Report criticises €1.1bn taxpayer burden due to obesity epidemic
The obesity epidemic is costing the State over €1.1 billion in direct health costs and indirect costs such as absenteeism, according to a major new study to be published today.
The direct cost of treating people who are obese and overweight is almost €400 million annually, the report – to be launched by Minister for Health James Reilly – says. This is equivalent to the current overspend in Dr Reilly’s department. Indirect costs, in the form of illnesses, absenteeism and premature deaths, account for the remaining €700 million cost.
The report, commissioned by State-funded health promotion group Safefood, is critical of the fact that the taxpayer rather than the food industry pays these costs.
“The food sector is tightly regulated in terms of food safety, but not in terms of health,” said Ivan Perry of University College Cork, one of the principal authors of the study.
This is the first time researchers have put a price tag on the cost of obesity.
The report says the cost of dealing with obesity and weight issues in Northern Ireland is almost €500 million.
Dealing with the problem accounts for 2.8 per cent of total health spending, about the same as in many other developed economies, but short of the 5-6 per cent of health spending recorded in the US.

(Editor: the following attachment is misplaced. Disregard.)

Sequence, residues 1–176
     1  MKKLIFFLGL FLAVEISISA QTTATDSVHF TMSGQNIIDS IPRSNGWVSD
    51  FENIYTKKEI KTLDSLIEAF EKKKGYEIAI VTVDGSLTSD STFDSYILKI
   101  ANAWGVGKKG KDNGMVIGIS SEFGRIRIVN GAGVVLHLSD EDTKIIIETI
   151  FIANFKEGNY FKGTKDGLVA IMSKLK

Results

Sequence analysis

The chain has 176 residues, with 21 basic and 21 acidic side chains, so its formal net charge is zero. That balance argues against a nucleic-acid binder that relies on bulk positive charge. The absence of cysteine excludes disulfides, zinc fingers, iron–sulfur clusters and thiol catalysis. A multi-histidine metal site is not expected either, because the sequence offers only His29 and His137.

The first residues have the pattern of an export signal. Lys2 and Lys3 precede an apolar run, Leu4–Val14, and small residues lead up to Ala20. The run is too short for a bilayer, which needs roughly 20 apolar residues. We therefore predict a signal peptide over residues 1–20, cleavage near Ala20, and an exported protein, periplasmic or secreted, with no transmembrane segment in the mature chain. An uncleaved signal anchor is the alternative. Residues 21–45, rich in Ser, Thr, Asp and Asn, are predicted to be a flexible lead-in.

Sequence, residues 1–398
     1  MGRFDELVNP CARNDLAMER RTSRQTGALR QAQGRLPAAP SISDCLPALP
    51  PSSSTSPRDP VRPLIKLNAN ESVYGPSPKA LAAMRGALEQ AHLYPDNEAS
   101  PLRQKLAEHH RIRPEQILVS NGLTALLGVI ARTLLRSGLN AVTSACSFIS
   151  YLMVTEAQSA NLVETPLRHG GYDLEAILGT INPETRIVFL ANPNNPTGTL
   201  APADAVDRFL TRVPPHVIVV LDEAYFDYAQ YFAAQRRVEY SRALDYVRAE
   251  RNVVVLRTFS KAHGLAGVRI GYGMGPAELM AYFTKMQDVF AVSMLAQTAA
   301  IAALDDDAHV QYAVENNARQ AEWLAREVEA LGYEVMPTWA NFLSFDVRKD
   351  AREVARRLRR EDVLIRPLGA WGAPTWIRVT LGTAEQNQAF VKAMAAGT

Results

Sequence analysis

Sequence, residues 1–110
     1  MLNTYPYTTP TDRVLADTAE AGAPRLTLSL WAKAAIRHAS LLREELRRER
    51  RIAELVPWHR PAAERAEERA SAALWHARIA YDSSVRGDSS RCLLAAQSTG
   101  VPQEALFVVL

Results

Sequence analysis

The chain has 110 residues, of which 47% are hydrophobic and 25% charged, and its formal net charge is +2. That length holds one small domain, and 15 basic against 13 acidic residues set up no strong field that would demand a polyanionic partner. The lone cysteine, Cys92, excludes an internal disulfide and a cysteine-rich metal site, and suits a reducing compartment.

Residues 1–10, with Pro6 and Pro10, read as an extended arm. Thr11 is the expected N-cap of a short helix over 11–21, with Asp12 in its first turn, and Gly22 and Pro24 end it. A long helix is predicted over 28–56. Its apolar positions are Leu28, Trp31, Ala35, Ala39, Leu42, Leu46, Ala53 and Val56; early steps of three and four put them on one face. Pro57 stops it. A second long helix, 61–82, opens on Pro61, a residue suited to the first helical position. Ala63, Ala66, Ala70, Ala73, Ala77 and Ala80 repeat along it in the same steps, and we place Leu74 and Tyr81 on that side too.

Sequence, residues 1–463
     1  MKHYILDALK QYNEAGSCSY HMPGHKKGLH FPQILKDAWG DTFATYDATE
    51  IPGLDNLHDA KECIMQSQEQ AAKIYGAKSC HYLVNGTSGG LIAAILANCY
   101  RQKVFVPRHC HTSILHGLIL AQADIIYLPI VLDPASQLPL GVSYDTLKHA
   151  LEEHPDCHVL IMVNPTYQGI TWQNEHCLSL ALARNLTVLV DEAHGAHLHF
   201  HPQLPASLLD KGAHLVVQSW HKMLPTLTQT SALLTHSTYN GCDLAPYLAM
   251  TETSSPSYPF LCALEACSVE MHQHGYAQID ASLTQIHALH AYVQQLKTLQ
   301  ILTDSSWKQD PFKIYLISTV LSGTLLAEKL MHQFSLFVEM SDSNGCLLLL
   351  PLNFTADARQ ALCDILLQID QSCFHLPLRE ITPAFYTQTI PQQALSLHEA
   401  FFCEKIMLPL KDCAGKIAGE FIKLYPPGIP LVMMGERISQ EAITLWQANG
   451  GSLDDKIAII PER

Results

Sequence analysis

“When you look at today’s children, of whom one-quarter are obese or overweight, we’re projecting significant increases in rates over the next 20 to 30 years,” said Prof Perry.
He said the figures in the report were conservative, as they didn’t account for mental health costs and made conservative assumptions about the number of years of life lost due to weight-related problems.
In the light of the report findings, he said, it was clear there was much greater value for money to be had from infrastructural projects, such as the introduction of cycling routes or measures to promote walking, than had previously been thought.
Prof Perry said the report showed food choices weren’t just an issue between food producers and consumers, because the costs affected all taxpayers. “There’s a huge emphasis on personal choice in relation to what you eat, yet this report shows there are wider societal costs,” he said.
The report revisits the recommendations made by a previous government’s national taskforce on obesity, dating back to 2004.